Read on to find out about our rich history of over 50+ years’ supporting community campaigning and local Liberal politics across Britain.

ALDC Conference in Royal Leamington Spa in the late 1990s.

A plan to build an organisation centred on local government had been milling around Liberal Party circles since the end of the war, with an advisory committee created to look into the proposition in 1946. Richard Wainwright took the idea further in the 1950s by setting up a local government headquarters at the Liberal Party HQ (also known as the LPO, or Liberal Party Offices). Following a difficult set of elections for the national party in 1964 and for Liberal councillors in 1965, it was concluded that a councillors’ organisation should exist independently of the LPO.

The original Association of Liberal Councillors (ALC) developed into a fully-fledged organisation between 1965 and 1969. This period is book-ended by Michael Meadowcroft’s Leamington Conference in 1965 (at which councillors indicated that they would be willing to fund an independent local government body by subscription) and the ALC’s recognition by the national party as a ‘recognised body’ in 1969.

Given the four-year process by which it was formed, we tend to split the difference and fix the date of ALC’s birth to 1967.

From this point, ALC began to produce regular campaign-oriented ‘bulletins’ and training visits to local parties across the country. Some in the national party were unhappy at ALC’s emphasis on ‘community politics’ and local activism, but a successful council by-election campaign in Liverpool, run by incoming ALC President, Trevor Jones, achieved a 41% swing to the Liberals and prompted his famous reply:

You may not be ready for the methods, but you may be ready for the results!

Throughout the 1970s, membership of the association grew, as did its profile within the party. In 1975, ALC took its first stall at federal conference, a tradition which is alive and well to this day!

In 1977, ALC moved its offices into the Birchcliffe Centre in Hebden Bridge, West Yorkshire. Tony (now Lord) Greaves was appointed the association’s first full-time member of staff in 1977, and was followed by a second in 1978.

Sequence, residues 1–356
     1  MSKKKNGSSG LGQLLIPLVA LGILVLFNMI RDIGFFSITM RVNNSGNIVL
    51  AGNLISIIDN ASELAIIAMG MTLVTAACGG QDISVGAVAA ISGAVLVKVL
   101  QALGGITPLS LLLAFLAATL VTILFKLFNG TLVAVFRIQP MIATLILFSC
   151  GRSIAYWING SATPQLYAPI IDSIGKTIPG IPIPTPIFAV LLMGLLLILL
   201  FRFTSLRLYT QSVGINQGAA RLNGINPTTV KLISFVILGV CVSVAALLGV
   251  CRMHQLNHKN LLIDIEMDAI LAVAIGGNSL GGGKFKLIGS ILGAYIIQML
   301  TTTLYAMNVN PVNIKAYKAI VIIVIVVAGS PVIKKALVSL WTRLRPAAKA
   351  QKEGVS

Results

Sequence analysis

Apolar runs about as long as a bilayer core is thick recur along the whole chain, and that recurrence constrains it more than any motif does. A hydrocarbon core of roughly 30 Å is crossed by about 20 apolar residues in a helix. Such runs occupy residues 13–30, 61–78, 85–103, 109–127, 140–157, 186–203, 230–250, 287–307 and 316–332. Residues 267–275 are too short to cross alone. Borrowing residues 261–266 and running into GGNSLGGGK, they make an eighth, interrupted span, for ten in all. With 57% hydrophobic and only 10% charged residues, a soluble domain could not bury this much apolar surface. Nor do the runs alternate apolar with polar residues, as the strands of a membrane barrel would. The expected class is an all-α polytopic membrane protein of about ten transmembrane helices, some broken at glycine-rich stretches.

In the 1980s, ALC added support for councillors in positions of control or influence to its work (both to increase the quality and to prevent councillors ‘going native’ in town halls!). The birth of the SDP also led to the first Social Democratic councillors and the beginnings of co-operation between the two parties.

Bill Le Breton working in ALC offices.

Tony Greaves – 1985 County Manifesto.

By 1987, there were five staff members and over 1,000 more Liberal/Alliance councillors than ten years before. ALC had also begun co-ordinating mailings with the whips office in Westminster to provide a news service integrated with the national party. Through the party’s tough ‘merger’ period that followed, ALC and its counterpart ASDC combined to form ASLDC in 1988 and, after a miserable set of elections in 1989, it was widely credited with “saving the party” through the ‘People First’ campaign.

The 1990s saw the growth of regular ASLDC publications with campaign ideas and ‘drop-in’ artwork packs filled with template stories and ideas for local leaflets. The 1997 election proved a (not unwelcome!) challenge when three of ALDC’s staff members – Andrew Stunell, Jackie Ballard and Paul Burstow – were elected to parliament. Howard Sykes became Chief Executive shortly after Andrew departed to his new role in Hazel Grove and Westminster.

Three members of ALDC staff being given their P45s following their election to Parliament in 1997. Jackie Ballard MP, Paul Burstow MP and Andrew Stunell MP, with ALDC Chief Executive, Councillor Howard Sykes, on the steps of the Birchcliffe Centre, Hebden Bridge in 1997.

ALDC stand at Birmingham conference in 1996.

The early 2000s saw a continuing increase in the number of Liberal Democrat councillors, which hit a peak of 4,700 in 2006. In addition to regular publications and training, the ALDC website and residential Kickstart training weekends were added to the range of services offered to members. In 2006, Tim Pickstone became Chief Executive and added the MyCouncillor network of websites to the list – with each ALDC member able to create a free, online space to blog about local events and display contact details.

Towards the end of the 2000s, ALDC also developed regular email-based briefings for members and local election candidates. We also started to provide election law advice for Liberal Democrats – with ALDC regularly providing the Election Law Helpline for the whole Party each General Election.